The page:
This weekend, the Office of National Marine Sanctuaries is celebrating “Get into Your Sanctuary” with special events at each national marine sanctuary, the Papahānaumokuākea Marine National Monument, and even at the proposed Wisconsin-Lake Michigan sanctuary. If you will be near one of these amazing places, I encourage you to stop by this weekend!
From June 13 to 16, directors and subject experts from NOS’s navigation services offices—Center for Operational Oceanographic Products and Services; Integrated Ocean Observing System Program; National Geodetic Survey; and Office of Coast Survey—traveled to Cuba for meetings kicking off implementation of the work plan agreed to in March. The work plan is part of a Memorandum of Understanding between NOS and Cuba’s National Office of Hydrography and Geodesy. Among a range of activities, the four NOS offices are looking forward to coordinating electronic navigational charts production and facilitating international charts; improving tides and currents monitoring and forecasting; and collaborating on geodetic challenges.
Finally, I would like to congratulate the Ocean Today team and the Marine Debris Program for their creative approach to communicating about marine debris. The 15-minute video, “Trash Talk,” which highlights the causes and solutions of marine debris, was nominated for a regional Emmy by the National Capital Chesapeake Bay Chapter of the National Academy of Television Arts and Sciences in the category of Informational/Instructional Program or Special.
W. Russell Callender, Ph.D.
Ocean Services and Coastal Zone Management,
National Ocean Service
The varied effects of climate change are changing the ocean; these changes dramatically affect coral reef ecosystems. This new infographic helps explain these effects.
This week, many NOAA coral reef scientists are at the 13th International Coral Reef Symposium to share their research and discuss how scientific findings can advance coral reef sustainability. NOAA presentations take a close look at the managing and monitoring of bleaching events, new research on water quality and reef health, citizen science reef projects, and many other topics. More than 2,500 participants from 70 nations are in attendance. Learn more by visiting the conference website or follow Facebook and Twitter for the latest news during the meeting.
This week, NCCOS staff led special sessions and gave several individual presentations at the 13th International Coral Reef Symposium in Honolulu, Hawaii. The symposium is one of the largest international gatherings that bring together researchers, managers, policy makers, non-governmental organizations, and the general public to share and discuss recent scientific information on coral reefs. The special sessions addressed the latest findings on mesophotic coral ecosystems (30–150 meters deep), including their role in sustaining shallow-water reefs; underwater acoustic ecology; and acoustic sampling surveys. Individual presentations focused on coral reef monitoring, pollution, socioeconomics, biogeographic assessments, and spatial ecology.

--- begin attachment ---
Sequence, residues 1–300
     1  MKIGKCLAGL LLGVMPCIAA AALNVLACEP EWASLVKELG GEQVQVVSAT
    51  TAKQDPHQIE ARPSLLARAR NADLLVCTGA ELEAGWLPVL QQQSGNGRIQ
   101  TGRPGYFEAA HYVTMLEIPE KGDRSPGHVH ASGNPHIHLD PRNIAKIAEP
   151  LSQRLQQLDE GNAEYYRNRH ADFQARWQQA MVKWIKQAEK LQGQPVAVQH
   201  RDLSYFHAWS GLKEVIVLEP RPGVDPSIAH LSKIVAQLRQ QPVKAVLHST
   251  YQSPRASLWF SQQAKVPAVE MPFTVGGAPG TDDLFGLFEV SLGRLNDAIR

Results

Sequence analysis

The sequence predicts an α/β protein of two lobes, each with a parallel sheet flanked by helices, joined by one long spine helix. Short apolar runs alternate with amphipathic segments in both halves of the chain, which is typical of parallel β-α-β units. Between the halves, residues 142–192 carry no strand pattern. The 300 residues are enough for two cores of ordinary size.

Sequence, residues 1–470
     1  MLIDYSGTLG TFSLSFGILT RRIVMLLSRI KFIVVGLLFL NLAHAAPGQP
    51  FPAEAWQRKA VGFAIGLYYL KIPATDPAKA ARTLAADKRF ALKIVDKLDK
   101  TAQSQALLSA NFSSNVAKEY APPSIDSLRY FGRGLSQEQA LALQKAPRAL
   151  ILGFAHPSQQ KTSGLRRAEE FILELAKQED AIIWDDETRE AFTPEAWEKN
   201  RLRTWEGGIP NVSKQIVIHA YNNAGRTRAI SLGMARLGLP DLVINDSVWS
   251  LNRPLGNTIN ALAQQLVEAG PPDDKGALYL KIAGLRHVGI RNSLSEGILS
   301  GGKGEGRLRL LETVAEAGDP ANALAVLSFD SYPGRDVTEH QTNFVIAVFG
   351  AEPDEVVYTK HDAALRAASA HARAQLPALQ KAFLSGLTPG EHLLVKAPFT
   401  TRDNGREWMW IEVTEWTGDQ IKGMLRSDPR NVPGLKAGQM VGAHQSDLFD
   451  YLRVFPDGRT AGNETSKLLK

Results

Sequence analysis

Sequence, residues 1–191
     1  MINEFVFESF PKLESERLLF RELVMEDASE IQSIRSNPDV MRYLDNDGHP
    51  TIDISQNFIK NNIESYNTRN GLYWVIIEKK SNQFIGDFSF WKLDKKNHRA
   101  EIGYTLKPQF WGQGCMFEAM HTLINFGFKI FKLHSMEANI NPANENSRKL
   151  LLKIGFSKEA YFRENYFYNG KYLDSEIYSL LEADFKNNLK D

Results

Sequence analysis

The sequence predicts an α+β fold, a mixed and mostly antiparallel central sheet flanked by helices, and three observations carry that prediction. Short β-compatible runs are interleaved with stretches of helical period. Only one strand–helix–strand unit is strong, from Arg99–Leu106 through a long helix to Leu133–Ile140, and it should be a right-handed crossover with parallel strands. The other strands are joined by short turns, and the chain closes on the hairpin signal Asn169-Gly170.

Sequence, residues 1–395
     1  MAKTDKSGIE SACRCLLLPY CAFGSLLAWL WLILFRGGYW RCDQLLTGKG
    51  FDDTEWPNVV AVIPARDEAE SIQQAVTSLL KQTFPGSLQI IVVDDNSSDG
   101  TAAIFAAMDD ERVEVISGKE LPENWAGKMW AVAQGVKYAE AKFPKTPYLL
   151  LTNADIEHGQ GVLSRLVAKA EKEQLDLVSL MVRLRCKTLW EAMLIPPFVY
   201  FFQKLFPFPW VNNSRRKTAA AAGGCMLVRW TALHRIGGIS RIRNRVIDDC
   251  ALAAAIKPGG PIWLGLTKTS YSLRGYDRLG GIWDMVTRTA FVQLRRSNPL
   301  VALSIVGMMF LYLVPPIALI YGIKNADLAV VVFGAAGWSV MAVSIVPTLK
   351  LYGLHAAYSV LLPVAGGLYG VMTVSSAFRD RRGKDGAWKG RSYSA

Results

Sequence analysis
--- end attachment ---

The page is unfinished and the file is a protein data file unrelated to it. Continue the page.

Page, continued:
Coast Survey is taking charting discussions to a new level with the cruise line industry, starting by briefing association officials and company representatives last week. During a maritime safety meeting with Cruise Line International Association (CLIA) staff and representatives of major U.S. cruise lines, Coast Survey representatives explained NOAA’s paradigm shift from traditional chart “editions” to continuous chart downloads. Learning how NOAA’s new approach to chart updates can improve transit efficiency was at the forefront of discussions. CLIA and OCS are meeting next month for technical discussions on future charting priorities, crowdsourcing, and chart adequacy.Contact: Rachel.Medley@noaa.gov
Building on more than 30 years of scientific studies, NOAA announced a proposal to expand Flower Garden Banks National Marine Sanctuary to protect additional critical Gulf of Mexico habitat. The plan lays out five expansion scenarios, ranging from no expansion of the 56 square mile sanctuary, to one bringing it to a total of 935 square miles. In NOAA’s preferred scenario, the sanctuary would expand to 383 square miles to include 15 reefs and banks that provide habitat for recreationally and commercially important fish, as well as a home to 15 threatened or endangered species of whales, sea turtles, and corals. The public is invited to comment on this proposal from June 10 to August 19, 2016. There will also be five public meetings held in Texas, Louisiana, and Alabama. Comments collected during this process will be used to develop a final environmental impact statement.
NGS Director, Juliana Blackwell, presented at the Alaska Mapping Executive Committee Strategy Planning Meeting in Anchorage this week where she provided a NOAA update, including geospatial framework, shoreline mapping, and the Gravity for the Redefinition of the American Vertical Datum project. The meeting wrapped up with a tour of the Alaska Tsunami Warning Center and a discussion at the Continuously Operating Reference Station.
CO-OPS presented at the Reinsurance Association of America during a workshop on how the federal government can share data and products like water level information of critical importance to the insurance community. This workshop is one result of a 2014 roundtable the Obama Administration hosted with insurance and reinsurance industry leaders to discuss the economic consequences of increasingly frequent and severe extreme weather. CO-OPS presented an overview of its products and services, emphasizing the extensiveness and accessibility of its data such as sea level trends, extreme water levels, nuisance flooding, and the new inundation dashboard project.
NOS Assistant Administrator
Dr. Russell Callender
Questions or comments about this newsletter?
Send us an email
NOS Communications & Education Division